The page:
America’s cool Modernism at The Ashmolean, Oxford
This is a beautiful show, with incredible paintings by artists such as Edward Hopper, Georgia O’ Keeffe, Charles Demuth and Charles Sheeler all on loan from the Metropolitan Museum of Art, New York, and the Terra Foundation for American Art, Chicago.
In the Jazz Age of the ‘roaring’ 20s, and the ensuing Great Depression of the 30s, many American artists expressed their uncertainty about the rapid modernisation and urbanisation of their country by producing work that had a cool, controlled detachment and a smooth, precise finish. It seems to be their statement about this changing world and speaks of a powerlessness to control or prevent it or the corresponding effect on the population.
There are no figures in the paintings and this gives the overwhelming feeling of emptiness and loneliness. I was reminded of the literature of that period, novels full of lone characters forging their way through poverty and depression in the world, as Tom Joad was in Steinbeck’s “The Grapes of Wrath”.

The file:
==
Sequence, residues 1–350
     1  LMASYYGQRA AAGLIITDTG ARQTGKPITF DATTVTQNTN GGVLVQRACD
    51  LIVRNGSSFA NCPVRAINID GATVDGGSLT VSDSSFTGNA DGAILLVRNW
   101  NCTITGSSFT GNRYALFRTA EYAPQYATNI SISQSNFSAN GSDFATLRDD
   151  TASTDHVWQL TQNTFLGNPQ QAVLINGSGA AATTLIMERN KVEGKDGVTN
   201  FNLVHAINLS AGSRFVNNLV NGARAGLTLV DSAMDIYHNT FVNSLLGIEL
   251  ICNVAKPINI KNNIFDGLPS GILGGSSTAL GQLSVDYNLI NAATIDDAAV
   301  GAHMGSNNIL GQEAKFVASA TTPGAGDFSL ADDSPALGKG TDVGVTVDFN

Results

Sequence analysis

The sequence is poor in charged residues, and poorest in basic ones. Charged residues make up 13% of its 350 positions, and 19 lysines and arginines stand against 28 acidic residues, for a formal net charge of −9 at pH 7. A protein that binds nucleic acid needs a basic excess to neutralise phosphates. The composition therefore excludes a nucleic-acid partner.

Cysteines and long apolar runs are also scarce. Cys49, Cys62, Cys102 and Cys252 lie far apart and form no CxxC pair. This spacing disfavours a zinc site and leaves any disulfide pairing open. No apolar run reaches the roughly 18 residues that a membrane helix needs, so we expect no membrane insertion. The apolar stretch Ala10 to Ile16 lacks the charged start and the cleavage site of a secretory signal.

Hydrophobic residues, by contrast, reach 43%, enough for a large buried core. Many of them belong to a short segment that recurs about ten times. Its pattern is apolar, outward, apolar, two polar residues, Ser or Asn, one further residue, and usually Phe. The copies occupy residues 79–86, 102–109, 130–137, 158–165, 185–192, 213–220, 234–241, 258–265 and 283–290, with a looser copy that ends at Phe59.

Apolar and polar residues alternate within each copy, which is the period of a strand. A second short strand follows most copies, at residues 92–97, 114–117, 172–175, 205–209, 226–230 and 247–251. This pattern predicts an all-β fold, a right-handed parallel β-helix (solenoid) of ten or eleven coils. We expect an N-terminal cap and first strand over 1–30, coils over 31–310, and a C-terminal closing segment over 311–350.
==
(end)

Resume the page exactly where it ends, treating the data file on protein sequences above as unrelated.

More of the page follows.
The artists used muted colour palettes with beautiful, yet sparse, splashes of colour which are moving and atmospheric. In this respect, I loved Edward Hopper’s “Dawn in Pennsylvania”. I looked at it for a long time, trying to determine how he achieved the duck-egg blue that so beautifully invokes dawn.
I also appreciated the cool, clean lines of Ralston Crawford’s “Buffalo Grain Elevators”, capturing how these stark structures puncture our skylines. It reminded me of the abandoned cement works near where I live that I painted before they pulled them down some years ago. Painting is often a record of history. Just as journalists do, as artists we report our vision of the world.
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